New Jersey Butterflies

Great Spangled Fritillary

Speyeria cybele

Identification: Medium—3.0" (smaller than Monarch). Above: FW bright orange with a row of black spots and numerous irregular black bands; HW with concentric rows of black markings, giving an overall more spotted appearance than Monarch (also lacks Monarch’s black borders on both wings). Below: FW bright orange and brown, with pale spots toward tip and irregular black bands; HW brownish-orange with small, basal silvery spots and two bands of large, shiny, silvery spots separated by a wide, cream-colored band. (This wide band—and lack of an inner FW spot above—separate Great Spangled from the very similar—and quite rare—Aphrodite Fritillary, which has a narrow band on the HW below and an isolated spot on the inner FW above.) Females, which emerge later, are usually larger and darker than males.

NJ Status and Distribution: Resident. Fairly common and widespread south to Middlesex and Mercer counties. Uncommon to rare in southern counties. Numbers have declined considerably since about 2015.

NJ Range Map-Great Spangled Fritillary

Habitat: Open, sunny uplands and wetlands with wildflowers such as milkweeds, Wild Bergamot, and New York Ironweed. Easily attracted to sunny gardens with a variety of nectar plants.

Flight Period: Early June to mid-October (most mid-June through August). Extreme dates: North Jersey 5/26—10/20; South Jersey 6/7—10/28.

Caterpillar Food Plants: Violets (Viola spp.). Female lays eggs near, but not on, violets in late summer. If you maintain patches of native violets on your property and leave the leaf litter and wood chips as shelter for the caterpillars, chances are that you will raise the next generation of Great Spangled Fritillaries.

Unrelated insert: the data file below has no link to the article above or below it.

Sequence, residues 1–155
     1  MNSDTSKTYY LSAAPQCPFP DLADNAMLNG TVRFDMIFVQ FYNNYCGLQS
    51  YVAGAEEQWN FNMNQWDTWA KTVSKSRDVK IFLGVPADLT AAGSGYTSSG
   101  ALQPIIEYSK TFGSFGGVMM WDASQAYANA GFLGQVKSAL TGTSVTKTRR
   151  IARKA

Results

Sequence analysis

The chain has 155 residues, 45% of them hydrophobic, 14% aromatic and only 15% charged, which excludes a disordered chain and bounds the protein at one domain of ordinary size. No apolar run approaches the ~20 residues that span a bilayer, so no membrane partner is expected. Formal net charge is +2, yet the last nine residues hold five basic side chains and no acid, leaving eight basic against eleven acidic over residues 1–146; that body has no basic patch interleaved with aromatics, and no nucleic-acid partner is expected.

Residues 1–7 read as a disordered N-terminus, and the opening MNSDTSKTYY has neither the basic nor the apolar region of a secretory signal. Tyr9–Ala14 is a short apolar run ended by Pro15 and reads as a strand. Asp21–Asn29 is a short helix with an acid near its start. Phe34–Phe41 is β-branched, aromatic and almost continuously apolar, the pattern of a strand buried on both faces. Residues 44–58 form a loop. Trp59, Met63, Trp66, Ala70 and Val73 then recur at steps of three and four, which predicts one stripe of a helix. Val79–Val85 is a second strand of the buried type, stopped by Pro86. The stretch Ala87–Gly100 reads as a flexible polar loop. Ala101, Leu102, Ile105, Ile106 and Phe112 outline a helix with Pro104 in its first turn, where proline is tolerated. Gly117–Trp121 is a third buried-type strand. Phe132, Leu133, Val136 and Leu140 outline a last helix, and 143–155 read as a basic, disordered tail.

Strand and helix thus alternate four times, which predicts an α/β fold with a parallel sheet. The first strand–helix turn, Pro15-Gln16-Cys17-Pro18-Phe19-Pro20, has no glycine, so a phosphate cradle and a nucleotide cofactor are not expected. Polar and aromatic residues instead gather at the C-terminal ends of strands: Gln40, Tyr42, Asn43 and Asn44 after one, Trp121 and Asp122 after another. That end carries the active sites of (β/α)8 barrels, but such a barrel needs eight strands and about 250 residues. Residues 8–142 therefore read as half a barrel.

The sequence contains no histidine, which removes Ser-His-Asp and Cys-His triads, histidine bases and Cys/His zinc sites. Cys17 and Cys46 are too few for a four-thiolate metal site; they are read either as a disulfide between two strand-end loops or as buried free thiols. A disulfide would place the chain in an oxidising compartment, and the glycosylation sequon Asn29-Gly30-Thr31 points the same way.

Overwintering Stage: First-instar caterpillar.

Good Locations: Delaware Water Gap NRA, Kittatinny Valley SP, Whittingham WMA, White Lake NRA, Schooley’s Mountain CP, Willowwood Arboretum, Bamboo Brook, Kay Environmental Center, Great Swamp NWR.

Comments: One of our most attractive butterflies that fortunately is fairly common and easily approached. A real beauty, especially when fresh. If you do not get excited seeing this species, then forget about butterflying as a hobby.

Great Spangled Fritillary

Scherman-Hoffman Sanctuary, Somerset Co., NJ, 6/6/06, on Common Milkweed.

Great Spangled Fritillary

Flatbrookville, Sussex Co., NJ, 7/1/09, on Blunt-leaved Milkweed.

Great Spangled Fritillary

Kay Environmental Ctr., Morris Co., NJ, 7/3/06, on Orange Milkweed.

Great Spangled Fritillary

Female & Male, Sparta Twp., Sussex Co., NJ, 7/9/05.

Great Spangled Fritillary caterpillar

Late instar of Great Spangled Fritillary caterpillar with host plant (violet).